Philippians 1:9-11 “And this is my prayer: that your love may abound more and more in knowledge and depth of insight, so that you may be able discern what is best and may be pure and blameless until the day of Christ, filled with the fruit of righteousness that comes through Jesus Christ – to the glory and praise of God.”

Paul’s knowledge of this congregation was better than anyone else’s in the world. He was sure that God had begun a good work in them, and so God would carry it on to completion until the day of Christ. Their perseverance in grace was absolutely inevitable, like the daylight following the sunrise, like the control of gravity. If God begins to work in someone’s life, giving faith and repentance, making everything new, then that work is going to progress by a divinely initiated momentum, and it must come to its own designated climax. It will happen. God has decreed that this shall take place.

So pastor Paul can sit back and do nothing, can he? May he forget about them? Will he just spectate Lydia and the jailer and all the other church members as this work of God carries on in their lives? No! Paul writes a comprehensive letter to advise and teach them, and he also prays for them. So, God is going to carry on his own work in their lives to its very completion, and the apostle is going to pray for them. He talks about all his prayers for all of them (v.3), suggesting that he often prayed for them. Why did he bother to pray? Wasn’t it all predestinated anyway? We pray not because we have resolved the difference between divine sovereignty and human responsibility but because the Lord Jesus has said that men ought always to pray (Lk.18:1). The Christ himself, Paul’s Lord, the enfleshed Sovereignty of God, was pre-eminently a man of prayer. If ever there was a person whom you’d think didn’t need to pray it would be God incarnate, but he was on his knees speaking to his Father. So prayer cannot be redundant for us. Paul’s praying for the Philippian church, like his preaching to them, was a means God used to finish the work God had begun. What greater incentive to praying could there be than knowing this fact, that our asking God to help people is itself the machinery God has designed to start and complete his work in those people’s lives? Joseph Hart says it in such a sweetly memorable way (and if I repeat this twice your ready memories will retain it for ever):

“Prayer was appointed to convey
The blessings God designs to give.
Long as they live should Christians pray;
For only while they pray they live.”

Here are some examples: in the country of Babylon Daniel read the prophecies of Jeremiah and understood that the time to restore Israel back to their land was at hand. What did Jeremiah do? Sit back and watch and wait for it all to happen? No. He set himself earnestly to pray for this to occur (Dan. 9:2&3). When King David learned that it was God’s purpose to establish David’s house he prayed earnestly, “Now, Lord God, keep forever the promise you have made concerning your servant and his house. Do as you promised! . . . Your words are trustworthy, and you have promised these good things to your servant. Now be pleased to bless the house of your servant . . .” (2 Sam. 7:25-29). Again, though the Lord Jesus himself knew that all that the Father had given him would come to him, and that he would raise them up in the last day yet, in his high priestly prayer, Christ prayed for their preservation. God said they would persevere, but this did not prevent Christ praying that they might. Rather it gave him encouragement that his prayers would be answered!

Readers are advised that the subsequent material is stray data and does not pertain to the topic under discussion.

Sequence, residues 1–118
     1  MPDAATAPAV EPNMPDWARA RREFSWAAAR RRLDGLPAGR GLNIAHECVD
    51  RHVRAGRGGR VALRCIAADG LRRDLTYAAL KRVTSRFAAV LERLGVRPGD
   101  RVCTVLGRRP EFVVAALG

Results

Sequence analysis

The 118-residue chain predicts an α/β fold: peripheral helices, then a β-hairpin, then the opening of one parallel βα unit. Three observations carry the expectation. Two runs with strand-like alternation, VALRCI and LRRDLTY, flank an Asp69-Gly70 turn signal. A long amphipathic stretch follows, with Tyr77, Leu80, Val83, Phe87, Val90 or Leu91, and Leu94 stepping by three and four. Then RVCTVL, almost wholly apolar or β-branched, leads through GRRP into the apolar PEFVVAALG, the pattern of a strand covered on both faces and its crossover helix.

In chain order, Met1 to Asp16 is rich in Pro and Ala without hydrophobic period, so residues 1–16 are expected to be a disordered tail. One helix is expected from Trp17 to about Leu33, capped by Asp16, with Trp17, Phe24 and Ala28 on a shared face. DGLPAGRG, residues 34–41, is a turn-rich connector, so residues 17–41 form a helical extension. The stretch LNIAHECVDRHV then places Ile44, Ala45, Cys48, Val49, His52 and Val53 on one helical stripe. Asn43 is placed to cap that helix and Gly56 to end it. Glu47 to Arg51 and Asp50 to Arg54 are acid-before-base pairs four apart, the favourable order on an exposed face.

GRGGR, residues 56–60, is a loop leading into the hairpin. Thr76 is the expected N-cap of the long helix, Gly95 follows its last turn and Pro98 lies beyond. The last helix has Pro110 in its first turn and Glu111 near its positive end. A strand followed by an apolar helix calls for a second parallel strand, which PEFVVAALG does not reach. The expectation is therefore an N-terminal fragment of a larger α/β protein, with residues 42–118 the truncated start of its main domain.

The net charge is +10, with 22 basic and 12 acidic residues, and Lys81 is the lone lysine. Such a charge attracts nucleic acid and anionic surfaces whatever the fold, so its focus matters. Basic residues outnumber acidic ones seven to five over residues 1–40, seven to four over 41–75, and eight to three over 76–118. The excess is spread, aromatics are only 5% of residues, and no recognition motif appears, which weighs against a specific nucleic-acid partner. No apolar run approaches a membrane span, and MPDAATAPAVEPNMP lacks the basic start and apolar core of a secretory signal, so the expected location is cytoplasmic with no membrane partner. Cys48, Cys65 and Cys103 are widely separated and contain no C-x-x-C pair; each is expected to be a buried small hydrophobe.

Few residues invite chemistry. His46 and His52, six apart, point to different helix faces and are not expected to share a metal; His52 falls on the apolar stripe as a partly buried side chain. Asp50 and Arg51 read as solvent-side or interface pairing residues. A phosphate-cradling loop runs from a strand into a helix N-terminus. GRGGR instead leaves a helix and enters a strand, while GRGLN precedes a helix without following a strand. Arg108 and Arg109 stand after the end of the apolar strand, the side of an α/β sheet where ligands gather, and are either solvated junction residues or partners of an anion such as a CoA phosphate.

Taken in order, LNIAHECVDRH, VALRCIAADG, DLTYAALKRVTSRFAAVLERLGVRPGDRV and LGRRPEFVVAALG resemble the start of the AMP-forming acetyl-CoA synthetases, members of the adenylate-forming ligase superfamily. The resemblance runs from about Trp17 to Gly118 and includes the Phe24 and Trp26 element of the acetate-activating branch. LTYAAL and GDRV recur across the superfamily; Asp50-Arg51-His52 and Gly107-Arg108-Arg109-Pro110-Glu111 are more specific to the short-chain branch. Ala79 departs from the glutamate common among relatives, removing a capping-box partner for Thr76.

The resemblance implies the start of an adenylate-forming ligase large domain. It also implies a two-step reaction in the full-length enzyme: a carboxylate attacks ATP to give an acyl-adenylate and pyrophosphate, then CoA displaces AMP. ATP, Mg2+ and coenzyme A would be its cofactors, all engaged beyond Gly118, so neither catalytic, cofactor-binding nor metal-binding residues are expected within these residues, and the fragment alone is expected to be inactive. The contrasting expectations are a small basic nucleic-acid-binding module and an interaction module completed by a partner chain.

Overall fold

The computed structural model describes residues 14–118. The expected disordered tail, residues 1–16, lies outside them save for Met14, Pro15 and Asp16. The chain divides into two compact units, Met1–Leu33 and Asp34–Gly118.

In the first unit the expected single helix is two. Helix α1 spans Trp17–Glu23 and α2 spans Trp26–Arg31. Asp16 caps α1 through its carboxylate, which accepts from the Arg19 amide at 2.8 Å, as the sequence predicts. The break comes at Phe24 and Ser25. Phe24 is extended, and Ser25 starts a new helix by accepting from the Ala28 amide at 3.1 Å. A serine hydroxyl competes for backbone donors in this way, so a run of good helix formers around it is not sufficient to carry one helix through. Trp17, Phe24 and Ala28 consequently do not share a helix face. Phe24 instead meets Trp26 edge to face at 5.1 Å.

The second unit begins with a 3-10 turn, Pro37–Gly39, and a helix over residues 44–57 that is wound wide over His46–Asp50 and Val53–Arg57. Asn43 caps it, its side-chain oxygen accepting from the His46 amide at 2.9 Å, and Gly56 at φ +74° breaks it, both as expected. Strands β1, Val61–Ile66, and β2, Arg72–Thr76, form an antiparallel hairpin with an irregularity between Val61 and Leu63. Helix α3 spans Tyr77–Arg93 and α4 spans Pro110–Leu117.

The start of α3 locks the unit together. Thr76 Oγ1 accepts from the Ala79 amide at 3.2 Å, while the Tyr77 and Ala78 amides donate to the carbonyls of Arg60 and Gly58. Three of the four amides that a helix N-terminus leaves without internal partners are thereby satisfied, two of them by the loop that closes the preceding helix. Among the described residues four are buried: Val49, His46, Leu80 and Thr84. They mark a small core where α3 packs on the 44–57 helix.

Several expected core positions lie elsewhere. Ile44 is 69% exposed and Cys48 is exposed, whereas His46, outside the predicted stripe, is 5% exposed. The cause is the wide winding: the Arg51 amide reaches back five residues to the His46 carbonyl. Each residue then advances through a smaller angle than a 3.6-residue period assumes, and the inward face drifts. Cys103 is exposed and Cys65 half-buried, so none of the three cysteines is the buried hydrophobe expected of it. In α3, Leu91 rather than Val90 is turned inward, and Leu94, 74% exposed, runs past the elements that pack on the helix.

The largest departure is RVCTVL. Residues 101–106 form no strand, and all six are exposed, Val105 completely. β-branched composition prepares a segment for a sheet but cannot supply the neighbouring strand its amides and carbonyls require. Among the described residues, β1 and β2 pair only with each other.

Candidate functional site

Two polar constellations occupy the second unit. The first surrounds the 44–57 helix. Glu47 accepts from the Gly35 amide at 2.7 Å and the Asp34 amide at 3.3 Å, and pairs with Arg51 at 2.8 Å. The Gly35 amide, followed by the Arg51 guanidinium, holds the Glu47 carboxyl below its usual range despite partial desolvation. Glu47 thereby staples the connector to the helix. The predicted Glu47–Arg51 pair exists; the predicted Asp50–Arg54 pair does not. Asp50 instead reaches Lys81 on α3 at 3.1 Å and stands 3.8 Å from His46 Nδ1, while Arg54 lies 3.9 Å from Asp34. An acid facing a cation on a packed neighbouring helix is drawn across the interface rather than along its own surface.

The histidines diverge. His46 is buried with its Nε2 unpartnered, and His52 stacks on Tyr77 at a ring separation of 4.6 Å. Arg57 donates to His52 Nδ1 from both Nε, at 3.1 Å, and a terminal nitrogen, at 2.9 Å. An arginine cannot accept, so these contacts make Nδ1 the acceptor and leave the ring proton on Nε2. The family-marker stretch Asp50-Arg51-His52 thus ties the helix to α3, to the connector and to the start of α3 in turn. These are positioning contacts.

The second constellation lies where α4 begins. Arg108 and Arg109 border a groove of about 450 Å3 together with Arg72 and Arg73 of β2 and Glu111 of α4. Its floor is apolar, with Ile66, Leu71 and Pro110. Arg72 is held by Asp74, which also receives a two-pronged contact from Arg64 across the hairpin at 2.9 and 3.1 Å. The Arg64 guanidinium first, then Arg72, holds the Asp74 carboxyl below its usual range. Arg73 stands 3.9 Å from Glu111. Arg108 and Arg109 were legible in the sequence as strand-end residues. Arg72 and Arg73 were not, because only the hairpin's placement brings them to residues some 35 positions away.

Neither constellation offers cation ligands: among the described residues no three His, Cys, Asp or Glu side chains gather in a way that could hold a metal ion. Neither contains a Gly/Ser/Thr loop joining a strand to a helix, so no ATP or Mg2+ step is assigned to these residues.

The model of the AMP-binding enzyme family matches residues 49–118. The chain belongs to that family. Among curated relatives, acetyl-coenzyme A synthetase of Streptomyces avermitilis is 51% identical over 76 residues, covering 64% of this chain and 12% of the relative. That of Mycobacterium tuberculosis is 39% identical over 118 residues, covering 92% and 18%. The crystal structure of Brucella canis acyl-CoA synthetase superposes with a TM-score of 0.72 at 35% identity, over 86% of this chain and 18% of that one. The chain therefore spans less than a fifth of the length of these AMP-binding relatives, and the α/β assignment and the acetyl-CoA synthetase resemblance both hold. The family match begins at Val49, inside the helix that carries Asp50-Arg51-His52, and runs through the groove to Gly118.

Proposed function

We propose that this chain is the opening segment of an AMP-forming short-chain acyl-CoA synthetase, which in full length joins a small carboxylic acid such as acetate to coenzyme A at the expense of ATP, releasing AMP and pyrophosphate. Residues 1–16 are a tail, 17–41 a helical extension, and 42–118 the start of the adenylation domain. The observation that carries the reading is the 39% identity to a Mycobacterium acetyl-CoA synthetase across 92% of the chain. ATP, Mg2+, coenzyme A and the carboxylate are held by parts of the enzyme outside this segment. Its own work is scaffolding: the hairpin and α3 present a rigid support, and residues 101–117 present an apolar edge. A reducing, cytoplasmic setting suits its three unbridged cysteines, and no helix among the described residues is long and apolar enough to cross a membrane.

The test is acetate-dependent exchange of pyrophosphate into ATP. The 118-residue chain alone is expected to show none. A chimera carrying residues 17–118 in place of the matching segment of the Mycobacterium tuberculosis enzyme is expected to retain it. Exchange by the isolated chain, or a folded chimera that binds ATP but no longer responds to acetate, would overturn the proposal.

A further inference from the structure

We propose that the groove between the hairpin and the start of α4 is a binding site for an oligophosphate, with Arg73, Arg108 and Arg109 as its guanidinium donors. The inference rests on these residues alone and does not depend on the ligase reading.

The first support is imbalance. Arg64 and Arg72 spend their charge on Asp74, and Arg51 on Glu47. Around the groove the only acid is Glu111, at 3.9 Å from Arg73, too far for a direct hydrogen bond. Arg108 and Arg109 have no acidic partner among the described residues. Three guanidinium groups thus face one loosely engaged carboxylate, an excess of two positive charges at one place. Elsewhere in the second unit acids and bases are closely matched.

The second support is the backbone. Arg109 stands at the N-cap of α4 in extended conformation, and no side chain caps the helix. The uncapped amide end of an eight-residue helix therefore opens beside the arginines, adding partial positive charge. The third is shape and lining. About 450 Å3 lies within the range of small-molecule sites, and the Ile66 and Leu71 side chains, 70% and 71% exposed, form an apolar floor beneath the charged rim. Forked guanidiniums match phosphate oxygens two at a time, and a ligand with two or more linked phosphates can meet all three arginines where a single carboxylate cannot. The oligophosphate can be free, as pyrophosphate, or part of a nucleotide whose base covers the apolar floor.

Paul’s knowledge that God had begun a work in these Philippian Christians and that he would most certainly finish what he had started did not create a spirit of complacency in Paul. It was the very reverse. It gave him hope to believe that his prayers were not in vain. He was praying according to the will of God. So he prayed frequently and fervently for these particular people. He knew that their times were in God’s hands, and that their future consisted of walking with God. “Help them, Lord!” cried Paul. “Encourage them to do what I’m telling them in this letter.”

Imagine a man who gains the heart of a fair lady. She accepts his proposal of marriage, and one day they stand at the front of a church where she promises to take him as her husband to love and obey him until death separates them. She does not believe in divorce. She will remain faithful to him. What does that knowledge and that love do for him? Does he say, “Well, all that is settled. I needn’t pray about my wife and marriage. I can pray about my business and my country and my church and my neighbours, but I possess the love of my wife so I can ignore her.” Of course not. The knowledge that God has given him this wife for all their days together will make her a special object of his intercession.

So Paul is confident that God is at work in their lives, and Paul, in all his prayers, will pray for them. Paul was a man of prayer. When Ananias of Damascus had some reservations about going to see this new convert Paul because of the evil man he had been God reassured him by saying to him that Paul was praying. The first mark of life in a newborn child is that he breathes and cries; so the first act of men and women who are born again is that they pray. The Holy Spirit who makes them alive gives them a voice and a tongue. “Be dumb no longer,” God says. You need mercy every day, and grace to help you on days of need. You feel your emptiness and weakness. You must pray. What Christian in the Bible did not pray? What servant of God in the history of the church did not pray?